Thousands of makers, doers and dreamers of all kinds are gearing up to participate in Kansas City’s tenth anniversary of Global Entrepreneurship Week (GEW), November 13 through 17.
“Global Entrepreneurship Week is a great opportunity to join a worldwide movement to shine the spotlight on the inspiring stories and resources available to entrepreneurs,” says Jenny Miller, who is one of the organizers for GEW Kansas City (#GEWKC) and leads KCSourceLink, the portal to KC entrepreneurship.
“But it’s about more than just celebrating our startups and job creators. GEWKC is about inviting new and diverse audiences into Kansas City’s entrepreneurial ecosystem.”
Fifteen years ago, Kansas City developed the first infrastructure for entrepreneurship with KCSourceLink. Founded by the Ewing Marion Kauffman Foundation, the University of Missouri-Kansas City and the U.S. Small Business Administration, KCSourceLink was launched in 2003 to create a network of entrepreneurial resources and make them visible for entrepreneurs.
“We’re calling on every entrepreneur — and everyone who fights for entrepreneurs — to help clear the path for the makers, the doers and the dreamers,” says Wendy Guillies, president and CEO of the Kauffman Foundation.
These strong roots have helped Kansas City clear that path by building connections that advance entrepreneurship in its region—and make Global Entrepreneurship Week in Kansas City one of the leading cities for GEW events for the past 10 years.
With 150+ community-organized events divided into four tracks—makers and creators, youth entrepreneurship, business growth and business services—there is certainly something for everyone.
“GEWKC connects people who may not identify as ‘entrepreneurs’—who may think of themselves as makers, creators, freelancers, artists, business owners—with the spark, networks and support they need to start and grow businesses,” adds Miller.
GEWKC is truly a community-led event, powered by organizing chairs from KCSourceLink, Kansas City-based Kauffman Foundation, Mid-Continent Public Library and the Enterprise Center in Johnson County. Each track is led by a track captain, usually a small business owner who has helped recruit headline events and is committed to promoting GEW to broader networks. The 150+ events themselves were crowd-sourced from local entrepreneurs, small businesses, corporations and entrepreneurial service organizations.
In the spirit of removing barriers to entrepreneurship, organizers ensured that events would be accessible to anyone with an idea, a side hustle, a startup or a growing business. More than three-quarters of the events are held at a central location; the rest are held at locations across the KC metro, and most of the events are free.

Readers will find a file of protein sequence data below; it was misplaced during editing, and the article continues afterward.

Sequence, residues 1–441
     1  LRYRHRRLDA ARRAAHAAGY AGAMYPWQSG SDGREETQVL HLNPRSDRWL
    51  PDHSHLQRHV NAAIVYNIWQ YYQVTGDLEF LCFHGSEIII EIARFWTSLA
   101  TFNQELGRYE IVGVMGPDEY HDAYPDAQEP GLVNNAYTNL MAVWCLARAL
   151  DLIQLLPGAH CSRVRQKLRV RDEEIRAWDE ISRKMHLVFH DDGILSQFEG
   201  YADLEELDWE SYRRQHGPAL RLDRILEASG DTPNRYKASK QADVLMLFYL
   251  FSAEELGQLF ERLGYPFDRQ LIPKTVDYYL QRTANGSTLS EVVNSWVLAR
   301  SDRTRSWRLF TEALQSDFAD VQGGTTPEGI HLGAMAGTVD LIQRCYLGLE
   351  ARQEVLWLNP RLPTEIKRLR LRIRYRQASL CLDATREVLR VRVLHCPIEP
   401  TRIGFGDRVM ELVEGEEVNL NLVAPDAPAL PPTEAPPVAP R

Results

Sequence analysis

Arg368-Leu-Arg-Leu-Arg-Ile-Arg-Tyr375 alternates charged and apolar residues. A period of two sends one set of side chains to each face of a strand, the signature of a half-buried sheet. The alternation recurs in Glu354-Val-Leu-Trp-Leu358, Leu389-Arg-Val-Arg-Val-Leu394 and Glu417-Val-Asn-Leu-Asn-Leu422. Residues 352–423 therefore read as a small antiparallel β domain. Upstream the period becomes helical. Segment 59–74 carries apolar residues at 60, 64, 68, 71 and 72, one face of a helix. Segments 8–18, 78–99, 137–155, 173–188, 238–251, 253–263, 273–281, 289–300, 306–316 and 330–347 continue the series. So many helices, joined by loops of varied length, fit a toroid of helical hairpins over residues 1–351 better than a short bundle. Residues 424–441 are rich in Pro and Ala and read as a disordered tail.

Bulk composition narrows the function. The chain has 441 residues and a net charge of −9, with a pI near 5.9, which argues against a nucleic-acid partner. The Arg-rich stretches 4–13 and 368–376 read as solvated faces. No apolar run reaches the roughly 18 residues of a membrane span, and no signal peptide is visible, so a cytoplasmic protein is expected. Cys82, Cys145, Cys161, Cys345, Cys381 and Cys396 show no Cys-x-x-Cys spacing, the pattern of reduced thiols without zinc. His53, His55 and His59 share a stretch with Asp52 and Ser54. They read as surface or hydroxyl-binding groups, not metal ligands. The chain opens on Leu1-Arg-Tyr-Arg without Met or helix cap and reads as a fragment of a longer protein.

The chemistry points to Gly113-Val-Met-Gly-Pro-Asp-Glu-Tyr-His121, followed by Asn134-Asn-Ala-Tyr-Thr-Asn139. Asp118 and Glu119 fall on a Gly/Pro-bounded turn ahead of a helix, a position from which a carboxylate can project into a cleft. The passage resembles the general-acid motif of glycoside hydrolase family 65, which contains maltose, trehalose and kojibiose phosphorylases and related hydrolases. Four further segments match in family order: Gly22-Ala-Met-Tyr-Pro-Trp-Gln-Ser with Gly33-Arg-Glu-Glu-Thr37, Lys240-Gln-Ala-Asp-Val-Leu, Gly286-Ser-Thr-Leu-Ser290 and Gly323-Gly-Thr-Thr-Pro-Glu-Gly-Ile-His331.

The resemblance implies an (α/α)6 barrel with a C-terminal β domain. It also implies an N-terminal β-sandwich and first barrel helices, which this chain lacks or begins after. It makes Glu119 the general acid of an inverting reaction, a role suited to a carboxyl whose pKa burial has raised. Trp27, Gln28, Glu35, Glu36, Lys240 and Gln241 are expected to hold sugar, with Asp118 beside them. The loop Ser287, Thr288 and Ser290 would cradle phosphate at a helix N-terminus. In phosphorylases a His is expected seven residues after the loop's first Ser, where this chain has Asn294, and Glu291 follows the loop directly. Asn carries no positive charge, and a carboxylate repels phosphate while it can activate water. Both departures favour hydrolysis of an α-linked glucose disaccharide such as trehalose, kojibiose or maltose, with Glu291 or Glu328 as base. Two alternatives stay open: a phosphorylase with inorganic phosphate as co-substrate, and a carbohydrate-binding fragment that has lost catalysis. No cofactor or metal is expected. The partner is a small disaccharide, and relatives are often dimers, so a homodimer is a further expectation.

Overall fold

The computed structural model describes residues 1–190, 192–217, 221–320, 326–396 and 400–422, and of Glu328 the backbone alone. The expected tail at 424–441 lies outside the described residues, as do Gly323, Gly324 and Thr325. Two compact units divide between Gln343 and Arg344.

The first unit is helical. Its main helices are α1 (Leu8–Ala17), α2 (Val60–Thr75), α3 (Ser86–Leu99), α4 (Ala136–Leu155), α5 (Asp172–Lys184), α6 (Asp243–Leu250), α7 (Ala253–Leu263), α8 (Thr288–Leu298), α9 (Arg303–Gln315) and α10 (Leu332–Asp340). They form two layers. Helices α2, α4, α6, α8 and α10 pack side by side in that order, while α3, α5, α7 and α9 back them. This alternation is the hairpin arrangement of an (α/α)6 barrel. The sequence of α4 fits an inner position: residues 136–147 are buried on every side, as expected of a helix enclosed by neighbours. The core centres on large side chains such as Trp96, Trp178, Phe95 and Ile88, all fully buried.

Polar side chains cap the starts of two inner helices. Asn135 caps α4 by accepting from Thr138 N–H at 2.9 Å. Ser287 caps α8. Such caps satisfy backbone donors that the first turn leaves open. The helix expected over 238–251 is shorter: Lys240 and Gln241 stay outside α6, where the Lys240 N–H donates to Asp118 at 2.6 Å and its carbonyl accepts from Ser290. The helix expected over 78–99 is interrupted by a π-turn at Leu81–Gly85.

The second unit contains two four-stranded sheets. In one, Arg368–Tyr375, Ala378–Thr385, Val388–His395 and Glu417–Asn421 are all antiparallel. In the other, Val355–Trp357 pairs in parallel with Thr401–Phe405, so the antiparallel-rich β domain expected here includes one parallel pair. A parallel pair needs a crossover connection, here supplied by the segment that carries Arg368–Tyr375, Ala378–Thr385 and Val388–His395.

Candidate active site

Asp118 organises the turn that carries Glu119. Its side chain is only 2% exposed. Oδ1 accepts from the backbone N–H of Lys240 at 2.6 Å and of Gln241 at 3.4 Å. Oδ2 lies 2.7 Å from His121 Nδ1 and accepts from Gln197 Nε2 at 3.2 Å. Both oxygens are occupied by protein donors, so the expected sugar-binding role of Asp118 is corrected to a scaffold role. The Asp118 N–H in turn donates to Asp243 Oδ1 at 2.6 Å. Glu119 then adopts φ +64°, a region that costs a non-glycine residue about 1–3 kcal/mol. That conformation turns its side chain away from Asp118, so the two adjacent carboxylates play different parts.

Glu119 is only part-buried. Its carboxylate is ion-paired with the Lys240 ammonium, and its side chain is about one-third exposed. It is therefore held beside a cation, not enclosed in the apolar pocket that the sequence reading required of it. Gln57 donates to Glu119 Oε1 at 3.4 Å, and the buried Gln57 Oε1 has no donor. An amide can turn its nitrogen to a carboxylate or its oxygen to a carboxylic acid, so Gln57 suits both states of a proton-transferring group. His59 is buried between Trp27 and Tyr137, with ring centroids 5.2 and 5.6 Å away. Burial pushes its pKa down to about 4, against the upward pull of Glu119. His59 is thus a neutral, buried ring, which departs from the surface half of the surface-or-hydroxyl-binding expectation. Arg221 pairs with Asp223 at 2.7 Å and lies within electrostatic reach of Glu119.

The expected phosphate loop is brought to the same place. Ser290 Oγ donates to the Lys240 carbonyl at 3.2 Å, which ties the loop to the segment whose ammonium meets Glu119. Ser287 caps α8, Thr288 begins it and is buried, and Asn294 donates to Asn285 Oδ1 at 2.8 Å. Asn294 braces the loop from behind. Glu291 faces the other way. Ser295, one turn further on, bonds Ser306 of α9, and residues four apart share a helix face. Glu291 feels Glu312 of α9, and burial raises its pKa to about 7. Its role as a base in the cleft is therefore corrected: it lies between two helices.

“We believe that everyone has a fundamental right to turn an idea into an economic reality, regardless of who you are or where you’re from, with zero barriers in the way,” Guillies says.
Crowd-sourced events brought more people into the entrepreneurship conversation that weren’t the usual suspects. And the events themselves—like the Business of Food Trucks, Stepping Stones of a Youth Entrepreneur, Moms Mean Business, For the Fashionpreneur and Prison or ESHIP—join the conventional workshops on startup and growth topics to provide a well-rounded vision of the goals, dreams and possible life-changing outcomes of entrepreneurship.
To help spread the word, GEWKC supplemented traditional marketing tactics with guerrilla marketing. GEWKC will be on prominent display on local business’ coffee cups and public transportation, and GEWKC organizers have made a concerted effort to work directly with businesses and niche media, like Praise 95 FM and Urban Talk Radio, to reach audiences in underrepresented and underserved communities.
“We believe in growing our own here in Kansas City, in helping business that start here, stay here,” adds Miller. “With a record number of GEWKC events, the community has really shown its support as it shares its knowledge and networks with other KC startups and businesses.”
Featured headline events cover such topics as fostering innovation in established companies, scaling a business, real-time marketing, mastering Facebook as well as a 10-year celebration of GEW with a reunion of the people who have helped Kansas City build its entrepreneurial infrastructure. The full slate of events can be found at www.gewkc.org.
“We know that Kansas City entrepreneurs create jobs, transform our economy and define the culture of our city,” says Miller. “We, as a community, want to make sure they have all the support they need to grow their business, expand to new markets and unleash their life-changing ideas to the world. That’s what GEWKC is about.”
To see a map of Kansas City’s entrepreneurial ecosystem, visit www.kcsourcelink.com/resource-rail. To learn more about the entrepreneurial ecosystem and the efforts to make Kansas City America’s most entrepreneurial city, visit www.wecreatekc.com.